Housing Europe Research Assistant, Mariel Whelan attended the Final Conference of the Horizon2020 project Circular Impacts, led by partners CEPS Energy Climate House, EcoLogic Institute, Wageningen University, in the CEPS building in Brussels on September 5th 2018.
The Circular Impacts project was a 3-year Horizon 2020 project (now completed), assessing the impact of the transition to the circular economy in Europe. Specifically, the project collected data on current trends and evidence, conducted four case studies (looking at electric vehicle battery recycling, car sharing in Germany, concrete recycling in France and phosphorous recycling from manure), and developed various scenarios to estimate the impacts of mainstreaming. More info can be found here.
For those as yet uninitiated - the circular economy is a circular model in which the value of products and materials is maintained for as long as possible; waste and resource use are minimised, and resources are kept within the economy as when a product has reached the end of its life, to be used multiple times to create further value. It currently accounts for 9% of the entire global economy, and many speakers and voices from the floor spoke of a desired target of 100%, a fully closed global loop. Short-term, medium-term and long-term measures include eradicating land-fill usage, extending uses of cycled CDW (Construction and Demolition Waste) and developing “Design for Deconstruction” or “Design for Future” approaches.
The high-level of attendance and robust discussion during the Q&As of the high-policy event shows the level of interest and attention that this topic inspires.
Speakers from EASME (Executive Agency for Small and Medium Enterprises), DG Environment, DG GROW, the OECD, Netherlands Economic Observatory and the EEB (European Environmental Bureau) and attendees deliberated on questions and issues such as: whether it is possible to decouple GDP and resource extraction, the structural changes needed in production and consumption, the connection between resource/material usage and energy usage (is it always true that an increase in one necessitates a decrease in the other, and vice versa?), who are the drivers in the sharing economy and where are the policy levers?, to name just a few.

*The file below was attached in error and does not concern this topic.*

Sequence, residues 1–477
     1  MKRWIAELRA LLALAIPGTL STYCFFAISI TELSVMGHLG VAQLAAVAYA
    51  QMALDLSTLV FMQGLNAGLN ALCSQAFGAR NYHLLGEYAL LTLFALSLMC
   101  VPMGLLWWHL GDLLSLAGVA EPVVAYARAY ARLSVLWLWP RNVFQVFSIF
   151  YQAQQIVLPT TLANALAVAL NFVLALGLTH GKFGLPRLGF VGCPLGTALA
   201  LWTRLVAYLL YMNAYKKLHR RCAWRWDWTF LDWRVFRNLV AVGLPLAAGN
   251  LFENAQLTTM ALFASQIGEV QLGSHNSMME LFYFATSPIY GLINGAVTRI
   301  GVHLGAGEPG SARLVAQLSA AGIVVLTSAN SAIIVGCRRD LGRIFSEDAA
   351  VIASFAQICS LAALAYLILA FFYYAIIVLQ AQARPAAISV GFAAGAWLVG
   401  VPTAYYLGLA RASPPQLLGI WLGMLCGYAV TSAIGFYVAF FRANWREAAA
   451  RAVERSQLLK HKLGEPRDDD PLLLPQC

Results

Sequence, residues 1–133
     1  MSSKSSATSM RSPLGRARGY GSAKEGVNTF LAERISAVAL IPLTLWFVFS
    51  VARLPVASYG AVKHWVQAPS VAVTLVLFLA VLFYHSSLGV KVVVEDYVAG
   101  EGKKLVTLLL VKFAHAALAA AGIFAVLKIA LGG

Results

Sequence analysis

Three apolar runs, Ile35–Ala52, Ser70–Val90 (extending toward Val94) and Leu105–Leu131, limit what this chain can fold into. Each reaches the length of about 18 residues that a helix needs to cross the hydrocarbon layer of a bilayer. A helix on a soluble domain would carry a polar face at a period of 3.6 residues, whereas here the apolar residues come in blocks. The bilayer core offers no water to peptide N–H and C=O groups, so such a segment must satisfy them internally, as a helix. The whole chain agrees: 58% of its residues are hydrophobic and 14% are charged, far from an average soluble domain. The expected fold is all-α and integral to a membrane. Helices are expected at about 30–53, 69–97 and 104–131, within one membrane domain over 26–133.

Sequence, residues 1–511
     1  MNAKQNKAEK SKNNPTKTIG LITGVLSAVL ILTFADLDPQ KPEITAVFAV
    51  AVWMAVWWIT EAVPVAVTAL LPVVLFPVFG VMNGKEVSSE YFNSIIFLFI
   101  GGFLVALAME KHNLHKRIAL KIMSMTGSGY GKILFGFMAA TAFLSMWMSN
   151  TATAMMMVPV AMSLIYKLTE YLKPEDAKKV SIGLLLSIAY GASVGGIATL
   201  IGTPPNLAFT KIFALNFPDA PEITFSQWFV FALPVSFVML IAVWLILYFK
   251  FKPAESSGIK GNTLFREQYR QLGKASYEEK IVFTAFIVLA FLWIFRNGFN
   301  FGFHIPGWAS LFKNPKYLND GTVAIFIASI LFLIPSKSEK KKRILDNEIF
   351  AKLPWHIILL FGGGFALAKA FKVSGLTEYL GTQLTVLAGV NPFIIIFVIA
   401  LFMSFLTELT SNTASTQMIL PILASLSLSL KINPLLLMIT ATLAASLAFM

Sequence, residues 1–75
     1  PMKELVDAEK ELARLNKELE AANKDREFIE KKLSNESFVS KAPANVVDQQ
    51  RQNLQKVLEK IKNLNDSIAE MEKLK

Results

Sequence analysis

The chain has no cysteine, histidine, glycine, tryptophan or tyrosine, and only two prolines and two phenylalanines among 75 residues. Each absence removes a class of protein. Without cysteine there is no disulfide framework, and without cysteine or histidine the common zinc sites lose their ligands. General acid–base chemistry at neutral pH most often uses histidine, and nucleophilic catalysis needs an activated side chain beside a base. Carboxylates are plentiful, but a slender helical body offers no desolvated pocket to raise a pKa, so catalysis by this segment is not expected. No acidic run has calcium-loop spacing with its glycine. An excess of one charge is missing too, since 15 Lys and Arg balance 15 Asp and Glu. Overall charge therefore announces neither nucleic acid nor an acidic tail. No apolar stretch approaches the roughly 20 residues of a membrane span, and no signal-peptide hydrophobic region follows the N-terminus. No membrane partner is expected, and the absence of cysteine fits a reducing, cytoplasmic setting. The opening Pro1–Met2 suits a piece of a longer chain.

Attendees learned that engagement in and impacts of the circular economy will be considered in upcoming European Semesters, though not as “hard-core” recommendations as part of the Country Specific Reports. Also, many studies on the circular economy do not in fact consider future scarcity of resources in their baseline, which prompted dynamic discussions on what should be considered: welfare, geopolitics, migration, economic stability, poverty, life satisfaction?
The connection with housing should be clear – construction and production of buildings and infrastructure make up for a large, if not, the largest portion of the global resource footprint. The most relevant presentation for those in the housing sector was that on concrete recycling. Concrete is the second most popular material in the world, after water, and currently, most concrete from CDW (Construction and Demolition Waste) is cycled into RCA (Recycled Concrete Aggregates) which is then mostly down-cycled into roads, or re- or up-cycled into ready-mix concrete. More research is needed to identify further benefits, define liabilities and boost reputation. A report on the case-study can be found here.
The HOUSEFUL project, which started this May and of which Housing Europe is a partner, looks specifically at housing and the circular economy. In particular, the Horizon2020 project will develop and demonstrate an interactive repository of new Circular Economy Business Opportunities (CEBO) - integrated circular services focussed on the optimal management and use of water, waste, energy and material resources during all stages of the life cycle of residential buildings (new and existing).
11 HOUSEFUL Solutions will be demonstrated at large scale in 4 different residential buildings in Spain and Austria:
- An innovative methodology for the quantification of building circularity.
- A co-creation methodology based on stakeholder engagement.
- Material Passports (MP) based on BIM to share data across building’s value chain.
- Sourcing of circular building materials from secondary material platforms or local producers
- Greywater and blackwater separation for water reuse (>95%).
- Separation of liquid/solid fraction of white water for water reuse (>95%)
- A. Joint treatment of blackwater, solid fraction and grinded blackwater for reuse in toilet, irrigation and renewable energy from biogas.
- Stabilised blackwater for use as compost in local community gardening.
- Waste management for recovery and valorisation of existing materials in buildings (envelope, facade, etc) and safety procedures for disassembly of construction elements.
- Design of energy efficient facades and roofs using modular and more sustainable materials.
- Co-creation based on performance rather than ownership for energy systems (Pay per performance business model).
More info can be found here.